A morning at daycare can be very exhausting for a child. Learning new things, playing with friends and then perhaps the annoyance when the tower in the building corner simply collapses: by lunch time, a nursery child has done quite a lot.
It’s no wonder that fatigue sets in and sometimes the head can hardly hold itself up in front of the plate. Right now it’s time for a nap to take a rest.
Melanie, our deputy pedagogical director, knows why sleep in the nursery is so important for the kids.
How much sleep do crèche children usually need?
Melanie: We have children in the crèche aged between nine months and four years. The need for sleep is still very high, but it varies from child to child. The children sleep between half an hour and up to three hours, depending on how tired they are. Normally, we have lunch first, followed by nap time, but some of the little ones fall asleep before lunch and then we simply reverse the schedule and wait until the child has had a good night’s sleep.
The long opening hours of our day care centre and the associated different arrival and attendance times of the children also have an impact on the children’s need for sleep. A child who comes to the nursery as early as 7:45 in the morning has a different sleep rhythm than one who is a few years older and is not there until 9 o’clock.
How is the nap/daytime sleep regulated at Zuckertag?
Melanie: The nap room is darkened, we make sure that the atmosphere is quiet and pleasant. Each child has a fixed place to sleep so that habituation and routine can develop. One of the educators sits in the room during the entire bedtime and sings a song, for example, or tells the children a short story to help them fall asleep.
This is especially important during the settling-in period. In this way, the children get to know rituals and a certain structure. The fixed sleeping place is helpful. The children are often allowed to choose their own place to sleep and often they choose one next to a child with whom they also like to play. The educators also lie down next to the children who are having a hard time falling asleep, then they talk a little or cuddle and the children are usually quickly asleep.
Those who wake up after a while can get up and leave the room quietly – this is also practised, of course. The children are not woken up, but can sleep in. If parents come to pick up the children quite early, it can happen that a child is still asleep.
What happens when the children can’t fall asleep?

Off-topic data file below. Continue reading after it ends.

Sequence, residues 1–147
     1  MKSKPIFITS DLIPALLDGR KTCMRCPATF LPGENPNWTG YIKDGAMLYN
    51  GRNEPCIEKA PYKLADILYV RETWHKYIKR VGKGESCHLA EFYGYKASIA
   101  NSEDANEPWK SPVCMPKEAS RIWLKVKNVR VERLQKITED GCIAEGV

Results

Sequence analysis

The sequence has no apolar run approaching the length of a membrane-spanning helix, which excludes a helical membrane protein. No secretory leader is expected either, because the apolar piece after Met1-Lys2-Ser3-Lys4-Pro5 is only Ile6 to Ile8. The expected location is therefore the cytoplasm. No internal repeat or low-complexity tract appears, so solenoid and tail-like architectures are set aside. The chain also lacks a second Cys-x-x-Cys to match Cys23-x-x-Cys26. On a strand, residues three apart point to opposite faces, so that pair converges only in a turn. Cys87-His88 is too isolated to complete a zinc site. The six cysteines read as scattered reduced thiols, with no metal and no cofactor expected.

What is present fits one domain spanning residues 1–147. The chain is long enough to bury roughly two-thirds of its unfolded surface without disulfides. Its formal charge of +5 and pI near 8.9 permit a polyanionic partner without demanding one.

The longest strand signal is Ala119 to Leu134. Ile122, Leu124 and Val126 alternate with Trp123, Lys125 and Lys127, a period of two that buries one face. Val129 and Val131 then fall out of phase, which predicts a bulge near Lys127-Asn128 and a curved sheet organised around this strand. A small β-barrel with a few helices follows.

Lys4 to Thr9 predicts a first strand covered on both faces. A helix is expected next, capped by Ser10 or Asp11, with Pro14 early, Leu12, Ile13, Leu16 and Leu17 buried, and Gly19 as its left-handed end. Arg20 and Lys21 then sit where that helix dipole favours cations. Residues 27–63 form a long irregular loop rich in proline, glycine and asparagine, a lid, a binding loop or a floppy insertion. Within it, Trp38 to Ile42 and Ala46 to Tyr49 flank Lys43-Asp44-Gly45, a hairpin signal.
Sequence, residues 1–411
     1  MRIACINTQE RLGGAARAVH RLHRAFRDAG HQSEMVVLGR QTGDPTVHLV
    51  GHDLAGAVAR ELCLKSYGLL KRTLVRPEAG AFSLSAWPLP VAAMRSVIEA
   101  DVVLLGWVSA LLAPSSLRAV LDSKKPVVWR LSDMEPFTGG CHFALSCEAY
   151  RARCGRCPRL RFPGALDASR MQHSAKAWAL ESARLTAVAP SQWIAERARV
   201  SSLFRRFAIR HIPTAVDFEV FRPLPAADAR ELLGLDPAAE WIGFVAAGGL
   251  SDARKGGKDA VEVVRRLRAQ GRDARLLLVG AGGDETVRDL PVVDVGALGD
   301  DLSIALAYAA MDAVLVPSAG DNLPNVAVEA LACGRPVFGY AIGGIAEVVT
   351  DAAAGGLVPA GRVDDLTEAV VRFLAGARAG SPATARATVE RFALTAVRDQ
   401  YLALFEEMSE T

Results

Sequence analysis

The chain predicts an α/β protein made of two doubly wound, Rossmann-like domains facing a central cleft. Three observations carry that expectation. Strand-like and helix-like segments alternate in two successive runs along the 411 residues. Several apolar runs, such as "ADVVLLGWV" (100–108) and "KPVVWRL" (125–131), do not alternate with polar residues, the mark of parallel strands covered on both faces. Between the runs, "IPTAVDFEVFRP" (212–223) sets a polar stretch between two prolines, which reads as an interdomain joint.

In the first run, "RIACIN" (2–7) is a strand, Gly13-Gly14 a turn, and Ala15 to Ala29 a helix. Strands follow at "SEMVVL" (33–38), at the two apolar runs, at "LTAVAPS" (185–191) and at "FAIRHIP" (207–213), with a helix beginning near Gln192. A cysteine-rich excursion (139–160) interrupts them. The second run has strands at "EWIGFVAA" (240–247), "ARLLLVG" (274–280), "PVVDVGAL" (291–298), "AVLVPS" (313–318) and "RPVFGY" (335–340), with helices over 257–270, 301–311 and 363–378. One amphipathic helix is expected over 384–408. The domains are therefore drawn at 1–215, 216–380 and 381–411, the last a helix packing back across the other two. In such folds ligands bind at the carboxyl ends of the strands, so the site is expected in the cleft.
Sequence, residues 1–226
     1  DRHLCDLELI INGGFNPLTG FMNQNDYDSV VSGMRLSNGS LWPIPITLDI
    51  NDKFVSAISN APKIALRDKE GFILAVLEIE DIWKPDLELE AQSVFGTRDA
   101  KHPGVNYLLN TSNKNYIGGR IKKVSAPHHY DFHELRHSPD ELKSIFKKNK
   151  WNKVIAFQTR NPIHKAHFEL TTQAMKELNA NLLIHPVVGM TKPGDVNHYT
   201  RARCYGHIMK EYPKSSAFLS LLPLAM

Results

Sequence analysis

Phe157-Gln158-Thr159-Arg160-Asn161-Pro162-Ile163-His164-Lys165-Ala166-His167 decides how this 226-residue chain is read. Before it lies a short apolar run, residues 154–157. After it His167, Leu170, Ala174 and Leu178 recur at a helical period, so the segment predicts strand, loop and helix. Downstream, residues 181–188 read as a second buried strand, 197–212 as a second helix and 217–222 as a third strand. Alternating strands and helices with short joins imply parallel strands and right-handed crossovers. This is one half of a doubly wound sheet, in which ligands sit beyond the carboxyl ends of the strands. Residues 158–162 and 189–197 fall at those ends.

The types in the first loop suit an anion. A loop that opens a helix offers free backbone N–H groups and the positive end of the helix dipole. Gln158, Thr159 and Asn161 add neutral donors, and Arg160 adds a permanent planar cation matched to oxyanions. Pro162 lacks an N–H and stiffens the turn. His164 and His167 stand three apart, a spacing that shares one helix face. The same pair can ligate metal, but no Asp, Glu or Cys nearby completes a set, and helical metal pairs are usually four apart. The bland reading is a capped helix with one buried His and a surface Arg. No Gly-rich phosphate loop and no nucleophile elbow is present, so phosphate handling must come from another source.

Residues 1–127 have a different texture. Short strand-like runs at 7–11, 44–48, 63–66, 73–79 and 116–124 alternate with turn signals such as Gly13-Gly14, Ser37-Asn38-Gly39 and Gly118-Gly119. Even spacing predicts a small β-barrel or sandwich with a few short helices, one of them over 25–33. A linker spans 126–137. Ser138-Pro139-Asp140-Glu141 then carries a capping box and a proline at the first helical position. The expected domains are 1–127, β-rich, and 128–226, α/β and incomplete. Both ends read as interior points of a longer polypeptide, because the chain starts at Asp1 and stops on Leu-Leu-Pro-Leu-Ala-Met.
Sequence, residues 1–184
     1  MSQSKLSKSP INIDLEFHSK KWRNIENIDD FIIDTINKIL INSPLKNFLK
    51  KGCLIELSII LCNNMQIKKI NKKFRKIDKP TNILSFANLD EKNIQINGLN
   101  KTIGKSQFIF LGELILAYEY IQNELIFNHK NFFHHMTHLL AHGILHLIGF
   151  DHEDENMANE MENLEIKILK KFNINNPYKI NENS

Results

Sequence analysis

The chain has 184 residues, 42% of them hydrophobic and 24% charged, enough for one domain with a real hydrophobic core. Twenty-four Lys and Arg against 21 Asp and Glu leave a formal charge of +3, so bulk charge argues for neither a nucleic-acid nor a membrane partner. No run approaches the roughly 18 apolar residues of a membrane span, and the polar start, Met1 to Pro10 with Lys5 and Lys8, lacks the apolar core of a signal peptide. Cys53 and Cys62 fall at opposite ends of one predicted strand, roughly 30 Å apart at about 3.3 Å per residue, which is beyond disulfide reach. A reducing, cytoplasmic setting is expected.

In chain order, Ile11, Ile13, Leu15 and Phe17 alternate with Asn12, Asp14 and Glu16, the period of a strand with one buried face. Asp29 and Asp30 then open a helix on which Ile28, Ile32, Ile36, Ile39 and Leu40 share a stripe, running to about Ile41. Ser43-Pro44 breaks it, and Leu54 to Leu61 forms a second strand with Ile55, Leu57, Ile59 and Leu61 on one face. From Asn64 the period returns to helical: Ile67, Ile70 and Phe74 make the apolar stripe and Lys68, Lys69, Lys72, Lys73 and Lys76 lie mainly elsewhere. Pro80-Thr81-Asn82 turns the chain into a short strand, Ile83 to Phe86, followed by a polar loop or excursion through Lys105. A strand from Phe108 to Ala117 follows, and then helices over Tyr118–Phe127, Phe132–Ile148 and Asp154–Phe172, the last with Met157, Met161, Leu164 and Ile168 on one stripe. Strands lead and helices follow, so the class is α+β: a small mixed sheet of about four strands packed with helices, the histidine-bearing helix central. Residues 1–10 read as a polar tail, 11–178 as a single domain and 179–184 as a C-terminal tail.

Melanie: We hardly ever have this problem with this age group. But if it does happen, the children don’t necessarily have to sleep properly. The crucial thing is to rest. Children react differently to demands. Some get tired and fall asleep quickly, others are so hyper that they can hardly calm down – and that’s why learning the importance of rest times is all the more important. If parents keep this in mind, the child has a chance to find a healthy rhythm of activity and rest later on and learns to take care of itself. Children want these breaks themselves. For once, they don’t want to be asked to play, they want to be able to switch off without noise. This helps them to reorient themselves. If a child cannot sleep at all, we of course inform the parents. Sometimes this is a sign of an incipient illness.
What can parents do if a child does not get any rest in the evening because of the rest break in the day care centre?
Melanie: It is important that the nap or the quiet time is continued at home at the weekend. It doesn’t necessarily have to be at the same time as here, but the rhythm between play and rest is important for the child’s development. If this is forgotten at the weekend, the child has to get used to it again every Monday.
The daily routine at the day care centre is often more structured than at home. Due to special activities in the families, it is sometimes simply not possible to keep the rest times well on the weekend.
At home, parents can help their children well if they also introduce small rituals there before going to sleep and, for example, take special time to listen to the children when they want to tell them about the day’s events and their new impressions. When all this has been said and all other things have been taken care of, the child can come to rest.